Way of The Cloven Hoof
A Freelance visit to Sir Alfred Munnings' House
one of those monsoonish days to which we have become accustomed,
when the air and sky closes in and thunder reverberates, Freelance
declared it a fine afternoon despite everything and foregathered
at Munnings' House on the edge of Dedham.
An unassuming country house in pleasant grounds provides excellent
viewing areas for a wealth of Munnings' paintings, surrounded as
it is by stabling and pastures for the horses which were the centre
of his work. All the stereotypical impressions of Munnings are probably
true. He painted to a particular market and to a particular class...
horse racing... riding to hounds... the landed gentry... the tipsy
speech at the R.A. lambasting Picasso...
One of our members has described him as 'a first -rate pot-boiler',
but he was a splendid painterly practitioner in oils. Some of his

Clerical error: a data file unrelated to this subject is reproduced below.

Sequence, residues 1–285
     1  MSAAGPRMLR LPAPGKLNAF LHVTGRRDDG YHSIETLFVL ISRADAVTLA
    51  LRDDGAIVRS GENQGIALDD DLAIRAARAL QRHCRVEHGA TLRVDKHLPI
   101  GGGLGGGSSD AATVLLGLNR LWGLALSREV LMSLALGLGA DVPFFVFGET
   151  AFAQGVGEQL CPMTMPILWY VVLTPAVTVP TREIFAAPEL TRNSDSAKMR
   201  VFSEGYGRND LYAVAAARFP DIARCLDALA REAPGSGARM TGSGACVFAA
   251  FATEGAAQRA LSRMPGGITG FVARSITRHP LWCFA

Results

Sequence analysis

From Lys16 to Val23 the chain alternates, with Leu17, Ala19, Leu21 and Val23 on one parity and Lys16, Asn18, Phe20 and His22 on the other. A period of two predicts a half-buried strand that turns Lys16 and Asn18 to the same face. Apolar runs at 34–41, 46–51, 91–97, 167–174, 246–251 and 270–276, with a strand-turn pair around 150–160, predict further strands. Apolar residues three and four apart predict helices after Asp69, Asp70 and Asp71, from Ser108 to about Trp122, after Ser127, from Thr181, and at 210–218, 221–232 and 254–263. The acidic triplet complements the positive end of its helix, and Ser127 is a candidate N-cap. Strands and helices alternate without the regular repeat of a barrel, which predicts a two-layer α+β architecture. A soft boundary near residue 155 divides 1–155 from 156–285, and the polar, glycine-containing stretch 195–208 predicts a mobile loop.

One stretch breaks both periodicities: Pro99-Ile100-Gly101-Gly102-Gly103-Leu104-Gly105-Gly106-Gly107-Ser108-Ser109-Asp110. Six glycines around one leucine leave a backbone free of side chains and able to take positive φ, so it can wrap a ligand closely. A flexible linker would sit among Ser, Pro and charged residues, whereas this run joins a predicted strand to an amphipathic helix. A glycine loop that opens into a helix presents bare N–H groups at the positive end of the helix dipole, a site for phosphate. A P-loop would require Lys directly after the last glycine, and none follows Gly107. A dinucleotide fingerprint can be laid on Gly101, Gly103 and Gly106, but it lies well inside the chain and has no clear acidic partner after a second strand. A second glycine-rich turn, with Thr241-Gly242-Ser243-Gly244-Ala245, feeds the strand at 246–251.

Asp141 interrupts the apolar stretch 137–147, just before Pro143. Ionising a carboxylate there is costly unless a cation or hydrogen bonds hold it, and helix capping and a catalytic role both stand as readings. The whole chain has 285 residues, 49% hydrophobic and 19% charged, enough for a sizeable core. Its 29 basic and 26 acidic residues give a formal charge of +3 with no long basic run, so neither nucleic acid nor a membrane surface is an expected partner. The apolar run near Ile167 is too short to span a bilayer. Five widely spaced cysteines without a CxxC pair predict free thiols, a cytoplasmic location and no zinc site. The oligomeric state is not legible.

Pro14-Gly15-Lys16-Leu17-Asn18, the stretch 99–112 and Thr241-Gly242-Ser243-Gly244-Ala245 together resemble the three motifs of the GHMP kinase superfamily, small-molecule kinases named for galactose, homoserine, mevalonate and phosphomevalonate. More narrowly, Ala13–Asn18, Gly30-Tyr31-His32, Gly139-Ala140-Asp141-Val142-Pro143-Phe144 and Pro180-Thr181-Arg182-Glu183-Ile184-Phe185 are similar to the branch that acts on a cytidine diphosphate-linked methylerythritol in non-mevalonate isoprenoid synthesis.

works look as if they've just left the studio. The light and shade
on the velvety haunches of a stallion is captivating. Repetition
throughout the collection wears a bit thin. Two pieces in particular
struck our party. The portrait of the society lady in a red dress
in a setting drenched in red gives a flood of that sanguinous colour
which seems to break a few rules and go against the overall flow
of work. And what Freud would have said... A splendid, large scale
painting of a sow overbestowed with teats and piglets in a woodland
glade, the sunlight dappling their backs was a surprise even to
the artist when he saw it again after a long interval.
The studio in a separate building in the garden has roof-lights
and a good working space as well as a separate room showing a sequence
of boating scenes on large canvasses. The artist's paraphernalia
of paint-smeared coats and battered palettes along with commercial
work for a Norwich Christmas cracker company and Mucha-style posters
complete the scene.
One slyly hidden facet of his life can be found amongst the (very
good) boyhood drawings and mementoes in a small alcove: Munnings
lost the sight of one eye in an accident at the age of twenty. I
particularly liked the stylised horses incised into the wet rendered
cement of a wall of the courtyard years ago and yet full of life.
Thanks once again to Mo Galvani for organising the outing which
finished at the tea-shop in the Craft market in warm weather while
Ipswich was experiencing a massive downpour.
more information about Sir Alfred Munnings and images of his house,